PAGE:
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Opinion: Clean water a deliberate policy choice

In recent years, the safety of our drinking water has come to the forefront of Wisconsin politics.

Extensive studies have shown the extreme health consequences that contaminated water has for our residents.

Contaminants like nitrates and bacteria have been linked to blue-baby syndrome, thyroid disease, and some cancers, harming our rural residents. Meanwhile, lead continues to poison children statewide.

In Kewaunee County, 60 percent of sampled wells were contaminated with fecal microbes, leading one researcher to proclaim that the water resembled a “fecal soup.” A 2019 study found that 42 percent of sampled wells in southwest Wisconsin contained contaminants that exceeded federal health standards.

We didn’t get here overnight. Budget cuts, along with a deregulatory culture and political interference in various agencies, have significantly affected the way Wisconsin protects its water. To understand the current state of our water, we must look at the deliberate policy choices made in the past.

A chronological analysis details a systematic dismantling of the state’s Department of Natural Resources. In 2011, environmental inspections of large farms fell by 46 percent while permit-violation notices hit a 12-year low. Meanwhile, DNR experienced the highest vacancy rate in 14 years.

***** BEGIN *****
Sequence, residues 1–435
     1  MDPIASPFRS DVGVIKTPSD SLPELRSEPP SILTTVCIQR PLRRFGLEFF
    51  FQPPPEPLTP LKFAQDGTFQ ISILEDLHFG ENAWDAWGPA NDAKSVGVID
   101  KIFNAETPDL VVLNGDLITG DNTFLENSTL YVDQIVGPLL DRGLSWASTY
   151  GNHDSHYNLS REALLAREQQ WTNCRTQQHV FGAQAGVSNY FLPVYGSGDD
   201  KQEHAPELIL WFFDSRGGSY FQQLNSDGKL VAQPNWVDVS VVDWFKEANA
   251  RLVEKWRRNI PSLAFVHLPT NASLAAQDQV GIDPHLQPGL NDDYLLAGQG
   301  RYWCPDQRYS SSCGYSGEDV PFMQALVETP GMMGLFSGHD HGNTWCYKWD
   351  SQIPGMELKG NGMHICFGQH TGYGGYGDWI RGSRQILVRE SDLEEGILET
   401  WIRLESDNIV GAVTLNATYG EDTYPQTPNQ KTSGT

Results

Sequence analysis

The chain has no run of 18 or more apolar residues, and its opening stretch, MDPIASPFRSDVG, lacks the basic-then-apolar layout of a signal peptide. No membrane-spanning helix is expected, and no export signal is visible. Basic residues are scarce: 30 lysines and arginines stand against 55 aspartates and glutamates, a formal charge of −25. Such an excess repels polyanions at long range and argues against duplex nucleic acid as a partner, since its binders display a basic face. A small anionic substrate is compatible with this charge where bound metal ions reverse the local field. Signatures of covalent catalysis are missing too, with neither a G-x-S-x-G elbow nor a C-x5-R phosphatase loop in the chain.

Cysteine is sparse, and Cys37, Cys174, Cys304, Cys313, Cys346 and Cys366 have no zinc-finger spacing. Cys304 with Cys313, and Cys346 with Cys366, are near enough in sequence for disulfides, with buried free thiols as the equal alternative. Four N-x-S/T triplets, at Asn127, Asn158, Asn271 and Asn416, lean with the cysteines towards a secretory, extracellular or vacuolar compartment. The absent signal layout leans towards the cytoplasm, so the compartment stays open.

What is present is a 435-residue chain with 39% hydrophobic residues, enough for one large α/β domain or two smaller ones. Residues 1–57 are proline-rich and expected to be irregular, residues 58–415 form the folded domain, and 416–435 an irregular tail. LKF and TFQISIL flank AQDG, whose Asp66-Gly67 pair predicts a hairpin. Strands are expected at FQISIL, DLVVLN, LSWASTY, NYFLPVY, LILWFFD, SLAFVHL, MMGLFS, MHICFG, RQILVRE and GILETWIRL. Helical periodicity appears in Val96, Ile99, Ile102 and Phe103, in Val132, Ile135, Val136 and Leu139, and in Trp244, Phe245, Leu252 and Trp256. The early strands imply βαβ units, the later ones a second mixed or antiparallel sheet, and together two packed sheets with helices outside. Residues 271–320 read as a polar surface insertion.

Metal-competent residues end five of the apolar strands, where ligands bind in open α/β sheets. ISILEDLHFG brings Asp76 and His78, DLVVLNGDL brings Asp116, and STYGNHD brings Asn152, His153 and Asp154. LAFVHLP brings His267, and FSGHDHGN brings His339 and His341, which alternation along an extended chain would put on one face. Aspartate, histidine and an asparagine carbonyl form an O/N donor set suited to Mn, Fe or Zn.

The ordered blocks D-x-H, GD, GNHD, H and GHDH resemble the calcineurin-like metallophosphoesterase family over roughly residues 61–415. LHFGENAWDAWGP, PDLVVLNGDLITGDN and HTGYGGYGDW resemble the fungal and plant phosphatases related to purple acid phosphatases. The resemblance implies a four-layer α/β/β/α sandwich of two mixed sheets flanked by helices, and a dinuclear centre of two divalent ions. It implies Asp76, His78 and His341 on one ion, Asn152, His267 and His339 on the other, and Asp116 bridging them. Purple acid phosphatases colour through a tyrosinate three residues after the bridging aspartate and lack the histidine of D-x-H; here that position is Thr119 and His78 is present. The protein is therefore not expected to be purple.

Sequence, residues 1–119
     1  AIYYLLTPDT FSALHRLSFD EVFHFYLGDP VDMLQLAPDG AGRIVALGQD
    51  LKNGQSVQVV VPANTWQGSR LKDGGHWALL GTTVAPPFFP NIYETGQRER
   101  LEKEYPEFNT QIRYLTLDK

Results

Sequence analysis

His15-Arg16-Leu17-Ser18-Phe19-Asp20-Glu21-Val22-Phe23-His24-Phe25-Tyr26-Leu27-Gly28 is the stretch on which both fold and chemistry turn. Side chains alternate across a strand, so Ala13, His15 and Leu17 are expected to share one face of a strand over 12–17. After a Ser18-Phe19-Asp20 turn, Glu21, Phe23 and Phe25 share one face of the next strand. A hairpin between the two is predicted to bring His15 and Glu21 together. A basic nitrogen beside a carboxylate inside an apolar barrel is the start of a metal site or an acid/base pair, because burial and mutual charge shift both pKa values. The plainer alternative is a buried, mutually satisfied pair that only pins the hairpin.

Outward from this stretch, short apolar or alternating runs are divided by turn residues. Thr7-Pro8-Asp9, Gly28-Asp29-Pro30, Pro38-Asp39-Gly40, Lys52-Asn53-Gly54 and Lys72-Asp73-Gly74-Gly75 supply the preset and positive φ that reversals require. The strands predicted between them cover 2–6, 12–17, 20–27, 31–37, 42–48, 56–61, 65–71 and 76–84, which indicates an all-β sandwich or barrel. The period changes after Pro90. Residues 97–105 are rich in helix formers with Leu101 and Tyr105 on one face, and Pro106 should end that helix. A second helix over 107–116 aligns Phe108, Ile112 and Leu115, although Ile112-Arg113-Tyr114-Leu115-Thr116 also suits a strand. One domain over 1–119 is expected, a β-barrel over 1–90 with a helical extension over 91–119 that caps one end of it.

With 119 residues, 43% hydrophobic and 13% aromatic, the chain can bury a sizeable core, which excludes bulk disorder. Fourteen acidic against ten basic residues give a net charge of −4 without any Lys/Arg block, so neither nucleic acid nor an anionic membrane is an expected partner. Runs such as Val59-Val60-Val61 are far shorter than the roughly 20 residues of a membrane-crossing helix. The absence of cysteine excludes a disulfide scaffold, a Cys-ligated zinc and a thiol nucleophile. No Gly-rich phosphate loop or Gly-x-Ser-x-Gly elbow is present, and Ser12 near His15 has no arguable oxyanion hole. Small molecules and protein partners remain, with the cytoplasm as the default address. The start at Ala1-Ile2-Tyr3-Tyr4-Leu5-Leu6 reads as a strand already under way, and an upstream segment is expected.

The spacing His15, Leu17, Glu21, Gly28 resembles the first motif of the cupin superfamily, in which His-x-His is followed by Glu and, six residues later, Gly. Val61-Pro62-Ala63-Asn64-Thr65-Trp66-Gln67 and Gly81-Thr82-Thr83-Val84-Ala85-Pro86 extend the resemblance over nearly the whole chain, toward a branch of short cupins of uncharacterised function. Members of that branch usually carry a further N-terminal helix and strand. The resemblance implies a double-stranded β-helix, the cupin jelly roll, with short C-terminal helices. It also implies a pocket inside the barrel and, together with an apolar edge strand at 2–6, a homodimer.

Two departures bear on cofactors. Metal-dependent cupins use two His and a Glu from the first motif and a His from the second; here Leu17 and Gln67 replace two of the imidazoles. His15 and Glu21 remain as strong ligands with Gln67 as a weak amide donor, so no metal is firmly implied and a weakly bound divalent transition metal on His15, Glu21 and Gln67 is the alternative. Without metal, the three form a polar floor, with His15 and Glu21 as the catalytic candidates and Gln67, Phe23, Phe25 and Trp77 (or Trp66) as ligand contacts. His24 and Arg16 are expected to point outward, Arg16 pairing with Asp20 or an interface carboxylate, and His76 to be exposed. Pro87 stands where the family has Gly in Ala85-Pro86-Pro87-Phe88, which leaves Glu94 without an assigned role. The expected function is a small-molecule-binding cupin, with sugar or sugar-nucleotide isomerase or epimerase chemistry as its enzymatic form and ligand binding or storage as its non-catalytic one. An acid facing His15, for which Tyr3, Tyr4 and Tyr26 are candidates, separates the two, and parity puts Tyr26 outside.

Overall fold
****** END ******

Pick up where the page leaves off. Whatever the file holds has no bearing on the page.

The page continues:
Just three years later, a judge declared a “massive regulatory failure” was behind extensive groundwater contamination in Kewaunee County. The judge also suggested that the agency had failed to use existing law to deal with the situation.

Despite concerns from affected communities, environmental organizations, and the EPA, the previous administration continued to reduce the enforcement capabilities of important agencies. Over the course of three budgets passed by former Gov. Scott Walker and legislative Republicans, DNR saw their budget slashed by $59 million and close to 200 positions eliminated.

Meanwhile, the Department of Justice under former attorney general Brad Schimel saw fines paid by Wisconsin polluters fall to 30-year lows in 2015. The former attorney general also wrote an opinion claiming the DNR went too far in protecting water in 2016. During the same time period, he demoted the long-standing director of DOJ’s environmental-protection unit and shrunk the unit to its smallest size in 25 years.

Clean water is essential to healthy residents, our economy, and our Wisconsin way of life. Governor Tony Evers understands this, and that’s why he has declared 2019 the Year of Clean Drinking Water and August as National Water Quality Month. It’s also why he has set aside additional resources to clean up water pollution and contaminated wells and replace lead pipes.

Clean water is a health issue. It is an economic issue. It is a moral issue. It’s time we connect the dots and ensure that future generations can enjoy safe, clean water.

State Sen. Patty Schachtner represents Wisconsin’s 10th Senate district. The district includes parts of Burnett, Dunn, Pierce, Polk and St. Croix counties.

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